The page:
Recognition of preclinical signs of dementia: A qualitative study exploring the experiences of family carers and professional care assistants.

Jenkins, Catharine and Feldman, Gerald (2018) Recognition of preclinical signs of dementia: A qualitative study exploring the experiences of family carers and professional care assistants. Journal of Clinical Nursing, 27. pp. 1931-1940. ISSN 09621067

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Abstract

Aims and objectives: The aim of the study was to identify pre-clinical signs of dementia by exploring the experiences of family care-givers and professional care assistants.
Background: Dementia results in disability, emotional strain and financial loss for people with dementia, family members and nations. Informal identification of social and behavioural risk signifiers could facilitate timely interventions with potential to delay onset of serious disability.
Design: A retrospective qualitative approach using a naturalistic interpretive design was used. Focus groups enabled in-depth understanding of the participants’ experiences of life or work with people who subsequently developed dementia.
Methods: Purposive sampling was used to recruit family carers and professional carers who had cared for people who later developed dementia. The data from focus groups were fully transcribed, and anonymised; and transcripts analysed by two researchers. These researchers coded and analysed the transcripts independently; subsequently overlapping and similar themes were identified and consensus reached on final themes. A third researcher was invited to review the analysis and ensure trustworthiness of the study findings.
Results: Findings revealed that pre-clinical signs of dementia were identifiable in retrospect Participants’ accounts resulted in four themes, ‘Lowered Threshold of Frustration’’ (LTF), ‘Insight and Coping Strategies’, ‘Early signs of poor memory’ and ‘Alarming Events’.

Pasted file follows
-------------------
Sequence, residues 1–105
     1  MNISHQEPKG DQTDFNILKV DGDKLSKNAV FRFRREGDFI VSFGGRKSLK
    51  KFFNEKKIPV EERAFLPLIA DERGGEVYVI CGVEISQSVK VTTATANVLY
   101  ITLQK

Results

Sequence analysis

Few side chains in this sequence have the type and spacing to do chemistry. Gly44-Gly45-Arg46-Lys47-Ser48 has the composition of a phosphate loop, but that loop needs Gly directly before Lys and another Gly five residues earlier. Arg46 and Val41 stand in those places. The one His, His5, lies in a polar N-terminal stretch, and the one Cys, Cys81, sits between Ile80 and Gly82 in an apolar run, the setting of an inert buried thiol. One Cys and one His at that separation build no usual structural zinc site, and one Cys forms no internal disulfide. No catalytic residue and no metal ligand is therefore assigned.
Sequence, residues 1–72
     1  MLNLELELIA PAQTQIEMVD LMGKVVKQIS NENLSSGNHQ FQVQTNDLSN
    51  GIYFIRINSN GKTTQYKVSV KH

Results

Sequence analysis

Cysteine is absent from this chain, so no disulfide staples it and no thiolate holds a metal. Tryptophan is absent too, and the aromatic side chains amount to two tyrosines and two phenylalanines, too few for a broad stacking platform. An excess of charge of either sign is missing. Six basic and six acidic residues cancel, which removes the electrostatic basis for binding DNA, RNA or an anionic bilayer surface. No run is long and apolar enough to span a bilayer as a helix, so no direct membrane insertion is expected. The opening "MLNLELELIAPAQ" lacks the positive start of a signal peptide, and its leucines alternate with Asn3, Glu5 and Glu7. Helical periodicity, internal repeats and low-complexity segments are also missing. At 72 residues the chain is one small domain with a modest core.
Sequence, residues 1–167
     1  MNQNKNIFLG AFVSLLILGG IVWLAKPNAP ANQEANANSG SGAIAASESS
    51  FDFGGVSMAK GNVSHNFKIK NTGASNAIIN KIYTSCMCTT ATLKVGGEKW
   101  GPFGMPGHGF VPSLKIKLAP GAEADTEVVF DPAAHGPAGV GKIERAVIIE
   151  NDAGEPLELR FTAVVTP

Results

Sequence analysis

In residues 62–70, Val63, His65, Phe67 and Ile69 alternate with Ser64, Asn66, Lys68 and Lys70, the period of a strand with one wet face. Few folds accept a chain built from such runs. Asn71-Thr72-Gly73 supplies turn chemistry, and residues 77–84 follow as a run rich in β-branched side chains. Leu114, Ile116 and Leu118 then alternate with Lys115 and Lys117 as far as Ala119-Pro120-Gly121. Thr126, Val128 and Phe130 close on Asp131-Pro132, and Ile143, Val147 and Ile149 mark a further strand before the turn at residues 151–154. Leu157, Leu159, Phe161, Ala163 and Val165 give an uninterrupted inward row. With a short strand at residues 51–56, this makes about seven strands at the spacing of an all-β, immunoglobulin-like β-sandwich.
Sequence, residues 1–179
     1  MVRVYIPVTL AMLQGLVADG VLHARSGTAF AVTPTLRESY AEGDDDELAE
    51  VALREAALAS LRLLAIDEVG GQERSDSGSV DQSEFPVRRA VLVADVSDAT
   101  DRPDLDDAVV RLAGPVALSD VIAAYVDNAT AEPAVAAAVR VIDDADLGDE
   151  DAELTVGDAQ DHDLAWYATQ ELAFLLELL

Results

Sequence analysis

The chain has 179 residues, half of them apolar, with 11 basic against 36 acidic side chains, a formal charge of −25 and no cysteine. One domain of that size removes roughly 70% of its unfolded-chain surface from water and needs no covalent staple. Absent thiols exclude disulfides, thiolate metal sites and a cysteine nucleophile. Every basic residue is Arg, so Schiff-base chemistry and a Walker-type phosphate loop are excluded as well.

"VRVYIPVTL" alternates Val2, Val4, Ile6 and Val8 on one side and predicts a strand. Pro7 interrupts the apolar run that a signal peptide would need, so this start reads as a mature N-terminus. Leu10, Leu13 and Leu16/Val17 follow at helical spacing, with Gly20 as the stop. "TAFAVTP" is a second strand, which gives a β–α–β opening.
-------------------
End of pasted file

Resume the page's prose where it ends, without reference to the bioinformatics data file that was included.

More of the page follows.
Conclusions: Earlier recognition of pre-clinical signs of dementia would allow affected individuals to follow health promotion advice and plan for the future. Identification of social exclusion prior to diagnosis has implications for anti-stigma campaigns and development of ‘dementia-friendly communities’.
Relevance to clinical practice: Health care professionals could work with those at risk, facilitating lifestyle changes to postpone symptoms and advance planning for improved autonomy. Pre-dementia should be viewed as a disability for which reasonable adjustments can be made at a community level, to enhance and extend emotional well-being and social inclusion.

Item Type: Article
Uncontrolled Keywords: Dementia, pre-clinical, risk, health promotion, social inclusion
Subjects: B700 Nursing
Divisions: REF UoA Output Collections > REF2021 UoA 03: Allied Health Professions, Dentistry, Nursing & Pharmacy
Depositing User: Catharine Jenkins
Date Deposited: 28 Jan 2019 13:42
Last Modified: 28 Jan 2019 13:42
URI: http://www.open-access.bcu.ac.uk/id/eprint/6841

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